Is it an Upset Stomach or IBD?
A Case Study by Internal Medicine Specialist Lawren Durocher,MS, DVM, DACVIM, SAIM
There are many causes of vomiting and diarrhea in dogs, from getting into the garbage to food allergies, inflammatory bowel disease and cancer. Board-certified Internist Lawren Durocher takes a look at the case of Emmie, a 5-year-old female spayed Lab mix, who came to us for the evaluation of chronic and unresolved stomach issues.
Emmie’s owners reported that she had been vomiting and having diarrhea for the past two weeks. Her appetite had decreased and she had lost ½ pound. Her owners brought Emmie to their general practitioner for initial evaluation, and a complete examination and blood work were done. Everything came back normal. She was treated with a bland diet and anti-nausea medications, but she continued to vomit, so Emmie was referred by her doctor to Crown for further testing and evaluation.
We met Emmie with her owners and discussed her history. Emmie had been having episodes of gastrointestinal (GI) upset about every six months. She usually improved with a bland diet. On examination, Emmie was bright and playful but slightly thin. We discussed possible causes of the vomiting and diarrhea with her owners – everything from food allergies to inflammatory bowel disease to pancreatitis and cancer.
We then proceeded with further diagnostic testing, including abdominal ultrasound (looking for tumors or masses), blood work to check her Vitamin B levels, and an endoscopy under general anesthesia. Other than slightly thickened intestinal walls, the ultrasound was normal. The blood work showed that her B12 levels were slightly low. The endoscopy showed that her stomach and small intestine were slightly roughened and irregular. Biopsies showed that Emmie had inflammatory bowel disease (IBS). Emmie was treated with steroids (prednisone) and a change of diet. Also, we started supplementing her with weekly B12 injections under the skin.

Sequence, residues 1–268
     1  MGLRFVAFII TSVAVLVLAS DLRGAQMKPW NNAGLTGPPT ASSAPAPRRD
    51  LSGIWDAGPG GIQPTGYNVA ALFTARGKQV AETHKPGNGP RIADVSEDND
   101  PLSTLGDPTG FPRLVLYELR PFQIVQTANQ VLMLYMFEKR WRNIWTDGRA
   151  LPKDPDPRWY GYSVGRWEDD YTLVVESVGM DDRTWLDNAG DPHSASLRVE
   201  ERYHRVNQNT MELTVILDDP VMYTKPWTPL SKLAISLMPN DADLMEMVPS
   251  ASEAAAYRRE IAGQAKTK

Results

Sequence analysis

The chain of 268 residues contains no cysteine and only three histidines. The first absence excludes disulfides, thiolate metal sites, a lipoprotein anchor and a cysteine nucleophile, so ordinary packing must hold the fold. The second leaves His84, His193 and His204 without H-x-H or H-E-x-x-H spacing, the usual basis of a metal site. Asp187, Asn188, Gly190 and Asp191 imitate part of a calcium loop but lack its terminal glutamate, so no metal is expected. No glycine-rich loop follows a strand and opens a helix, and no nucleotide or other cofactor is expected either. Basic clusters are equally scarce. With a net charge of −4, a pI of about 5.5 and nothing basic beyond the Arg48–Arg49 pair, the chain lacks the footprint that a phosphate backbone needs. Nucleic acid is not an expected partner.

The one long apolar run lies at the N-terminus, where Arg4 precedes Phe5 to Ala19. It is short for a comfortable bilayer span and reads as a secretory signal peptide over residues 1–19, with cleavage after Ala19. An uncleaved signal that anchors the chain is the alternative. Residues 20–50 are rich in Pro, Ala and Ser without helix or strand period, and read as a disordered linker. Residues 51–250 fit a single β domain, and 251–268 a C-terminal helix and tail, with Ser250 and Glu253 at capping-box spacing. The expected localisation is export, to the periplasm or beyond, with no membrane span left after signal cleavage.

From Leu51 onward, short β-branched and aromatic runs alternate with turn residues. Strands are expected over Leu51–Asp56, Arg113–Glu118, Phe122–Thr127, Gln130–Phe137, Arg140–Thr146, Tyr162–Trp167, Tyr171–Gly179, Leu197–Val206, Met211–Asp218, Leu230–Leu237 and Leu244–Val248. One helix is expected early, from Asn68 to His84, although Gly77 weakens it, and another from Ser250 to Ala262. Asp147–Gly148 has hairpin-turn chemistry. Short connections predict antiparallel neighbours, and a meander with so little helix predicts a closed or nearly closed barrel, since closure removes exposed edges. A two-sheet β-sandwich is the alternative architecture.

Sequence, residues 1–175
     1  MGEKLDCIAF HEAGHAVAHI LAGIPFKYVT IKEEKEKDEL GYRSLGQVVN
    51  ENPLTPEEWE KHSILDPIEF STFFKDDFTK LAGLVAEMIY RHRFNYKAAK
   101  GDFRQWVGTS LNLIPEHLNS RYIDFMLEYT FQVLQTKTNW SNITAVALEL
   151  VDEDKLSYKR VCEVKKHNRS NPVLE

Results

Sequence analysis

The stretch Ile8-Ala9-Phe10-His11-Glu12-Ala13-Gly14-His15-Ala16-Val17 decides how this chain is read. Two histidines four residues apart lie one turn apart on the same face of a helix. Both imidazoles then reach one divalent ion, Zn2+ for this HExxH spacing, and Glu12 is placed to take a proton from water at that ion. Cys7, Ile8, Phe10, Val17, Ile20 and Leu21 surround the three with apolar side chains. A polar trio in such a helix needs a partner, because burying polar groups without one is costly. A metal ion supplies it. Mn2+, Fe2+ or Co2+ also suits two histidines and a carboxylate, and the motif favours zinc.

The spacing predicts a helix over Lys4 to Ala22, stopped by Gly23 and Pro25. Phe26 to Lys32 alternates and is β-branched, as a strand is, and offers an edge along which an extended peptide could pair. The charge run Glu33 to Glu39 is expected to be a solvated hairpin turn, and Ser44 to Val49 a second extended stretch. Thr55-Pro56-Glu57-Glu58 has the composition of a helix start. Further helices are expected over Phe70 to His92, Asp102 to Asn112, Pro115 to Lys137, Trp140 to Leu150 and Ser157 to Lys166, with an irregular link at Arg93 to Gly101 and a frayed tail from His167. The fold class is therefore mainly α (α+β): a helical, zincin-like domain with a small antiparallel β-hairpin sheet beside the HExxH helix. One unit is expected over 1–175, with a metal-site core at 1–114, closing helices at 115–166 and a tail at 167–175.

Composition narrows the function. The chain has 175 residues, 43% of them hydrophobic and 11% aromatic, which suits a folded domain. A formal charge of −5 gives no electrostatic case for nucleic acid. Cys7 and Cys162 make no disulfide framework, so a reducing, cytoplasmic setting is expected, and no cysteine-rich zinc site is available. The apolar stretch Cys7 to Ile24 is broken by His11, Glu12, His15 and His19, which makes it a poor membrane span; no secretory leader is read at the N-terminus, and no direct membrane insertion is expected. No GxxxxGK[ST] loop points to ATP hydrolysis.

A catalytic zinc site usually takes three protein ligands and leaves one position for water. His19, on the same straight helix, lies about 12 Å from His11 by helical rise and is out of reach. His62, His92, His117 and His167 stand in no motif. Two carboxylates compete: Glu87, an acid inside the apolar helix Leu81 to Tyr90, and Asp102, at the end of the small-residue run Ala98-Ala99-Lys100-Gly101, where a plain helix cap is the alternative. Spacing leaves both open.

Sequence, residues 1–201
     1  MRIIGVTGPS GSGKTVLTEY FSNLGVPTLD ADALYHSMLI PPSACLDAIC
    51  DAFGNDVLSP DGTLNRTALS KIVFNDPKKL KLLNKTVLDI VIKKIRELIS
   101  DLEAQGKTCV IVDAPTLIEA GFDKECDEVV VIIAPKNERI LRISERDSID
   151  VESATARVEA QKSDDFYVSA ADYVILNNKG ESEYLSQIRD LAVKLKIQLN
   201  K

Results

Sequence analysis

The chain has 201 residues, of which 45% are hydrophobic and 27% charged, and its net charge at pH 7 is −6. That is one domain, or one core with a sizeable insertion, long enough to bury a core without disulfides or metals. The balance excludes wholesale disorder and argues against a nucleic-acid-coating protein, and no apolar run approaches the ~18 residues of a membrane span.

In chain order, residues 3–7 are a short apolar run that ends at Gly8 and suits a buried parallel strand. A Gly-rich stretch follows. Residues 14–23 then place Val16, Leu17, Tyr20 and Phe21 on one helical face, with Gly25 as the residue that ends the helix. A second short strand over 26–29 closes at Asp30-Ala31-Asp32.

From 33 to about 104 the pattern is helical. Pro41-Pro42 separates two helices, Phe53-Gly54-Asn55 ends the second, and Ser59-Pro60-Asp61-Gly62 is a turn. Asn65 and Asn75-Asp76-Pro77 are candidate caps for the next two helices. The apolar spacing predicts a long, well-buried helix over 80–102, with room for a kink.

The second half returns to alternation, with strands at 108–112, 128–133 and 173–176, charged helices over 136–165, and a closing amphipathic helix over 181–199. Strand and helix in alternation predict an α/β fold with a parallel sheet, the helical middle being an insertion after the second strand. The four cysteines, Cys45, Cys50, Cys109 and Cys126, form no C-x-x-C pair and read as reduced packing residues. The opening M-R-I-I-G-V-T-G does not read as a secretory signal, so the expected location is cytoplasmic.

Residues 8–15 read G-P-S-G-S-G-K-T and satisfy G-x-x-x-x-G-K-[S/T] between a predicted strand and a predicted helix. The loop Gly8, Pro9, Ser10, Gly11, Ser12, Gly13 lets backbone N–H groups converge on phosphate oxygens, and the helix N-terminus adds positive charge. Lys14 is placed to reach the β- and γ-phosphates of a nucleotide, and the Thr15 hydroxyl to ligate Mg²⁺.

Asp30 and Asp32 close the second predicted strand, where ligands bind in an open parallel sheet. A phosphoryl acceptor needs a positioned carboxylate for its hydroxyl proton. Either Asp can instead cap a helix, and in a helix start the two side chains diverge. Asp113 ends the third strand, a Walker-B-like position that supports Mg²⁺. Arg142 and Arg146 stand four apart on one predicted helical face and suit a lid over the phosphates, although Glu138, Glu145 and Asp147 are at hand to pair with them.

Inflammatory bowel disease is a condition in which the body’s immune system attacks the intestines, causing inflammation. The cause of IBD is unknown. It can affect any portion of the gastrointestinal tract, from the stomach to the colon. Signs of inflammatory bowel disease range in severity and can include decreased appetite, vomiting, diarrhea, weight loss, and bloody stools. It is diagnosed via biopsies of the gastrointestinal tract, which can be done endoscopically or surgically. There are different types of inflammatory bowel disease and they are classified based on where they are occurring in the GI tract, as well as what type of white blood cells are present (eosinophils, neutrophils, lymphocytes, etc.).
Most dogs respond very well to treatment with diet change and steroids, but some dogs do require other medications as well, including supplementation with B12 injections. Our goal is to manage this disease, not cure it. Quality of life is very good and most dogs will have a normal life span with this condition. Most dogs will adjust and be able to come off of the steroids, needing them only during flare-ups. Some dogs, however, remain on low doses of steroids for life. We were able to wean Emmie off the steroids completely in three months and she is still going strong. She only vomits occasionally (mostly when she gets into something outside), is back to a healthy weight, and enjoying life.
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